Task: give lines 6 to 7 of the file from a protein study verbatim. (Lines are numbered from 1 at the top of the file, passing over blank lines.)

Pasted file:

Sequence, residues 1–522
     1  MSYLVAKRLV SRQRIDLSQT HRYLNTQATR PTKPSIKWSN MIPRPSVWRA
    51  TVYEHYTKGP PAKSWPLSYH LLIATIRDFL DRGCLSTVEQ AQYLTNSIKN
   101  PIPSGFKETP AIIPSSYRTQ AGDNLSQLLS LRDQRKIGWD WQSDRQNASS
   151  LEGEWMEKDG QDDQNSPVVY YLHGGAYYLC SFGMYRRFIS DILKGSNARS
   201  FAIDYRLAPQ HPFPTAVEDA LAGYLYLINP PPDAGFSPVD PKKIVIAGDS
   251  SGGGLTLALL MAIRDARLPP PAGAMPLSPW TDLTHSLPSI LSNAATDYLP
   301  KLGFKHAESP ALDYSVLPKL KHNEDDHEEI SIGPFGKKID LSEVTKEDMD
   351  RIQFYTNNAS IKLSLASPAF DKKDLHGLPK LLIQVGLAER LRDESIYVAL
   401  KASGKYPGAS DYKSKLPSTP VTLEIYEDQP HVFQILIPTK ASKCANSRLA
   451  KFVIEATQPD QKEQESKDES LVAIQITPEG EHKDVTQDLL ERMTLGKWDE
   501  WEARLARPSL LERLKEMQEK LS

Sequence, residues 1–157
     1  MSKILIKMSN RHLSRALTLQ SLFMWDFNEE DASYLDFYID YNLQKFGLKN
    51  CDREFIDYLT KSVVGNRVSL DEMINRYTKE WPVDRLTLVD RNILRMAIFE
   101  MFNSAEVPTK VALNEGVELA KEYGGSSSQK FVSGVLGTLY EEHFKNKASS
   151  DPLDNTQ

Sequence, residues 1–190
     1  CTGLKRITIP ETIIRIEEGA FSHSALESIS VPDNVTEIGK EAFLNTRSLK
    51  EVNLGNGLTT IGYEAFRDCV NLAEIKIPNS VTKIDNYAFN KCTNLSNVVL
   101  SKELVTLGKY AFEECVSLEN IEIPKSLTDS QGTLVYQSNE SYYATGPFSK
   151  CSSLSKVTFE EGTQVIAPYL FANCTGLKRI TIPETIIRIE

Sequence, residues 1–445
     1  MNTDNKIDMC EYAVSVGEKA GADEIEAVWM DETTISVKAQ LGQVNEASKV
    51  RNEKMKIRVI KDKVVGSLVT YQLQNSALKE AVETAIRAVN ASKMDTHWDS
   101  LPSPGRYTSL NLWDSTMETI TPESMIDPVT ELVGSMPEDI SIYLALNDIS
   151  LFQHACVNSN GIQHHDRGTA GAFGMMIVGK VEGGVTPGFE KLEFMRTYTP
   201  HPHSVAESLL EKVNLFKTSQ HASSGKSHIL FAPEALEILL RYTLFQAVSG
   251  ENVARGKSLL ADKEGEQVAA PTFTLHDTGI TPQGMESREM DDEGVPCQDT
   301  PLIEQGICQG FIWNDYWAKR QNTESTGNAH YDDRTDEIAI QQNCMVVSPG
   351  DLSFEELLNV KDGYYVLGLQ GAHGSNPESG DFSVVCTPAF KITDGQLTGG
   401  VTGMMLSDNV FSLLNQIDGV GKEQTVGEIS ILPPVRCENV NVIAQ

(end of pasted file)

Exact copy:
   201  FAIDYRLAPQ HPFPTAVEDA LAGYLYLINP PPDAGFSPVD PKKIVIAGDS
   251  SGGGLTLALL MAIRDARLPP PAGAMPLSPW TDLTHSLPSI LSNAATDYLP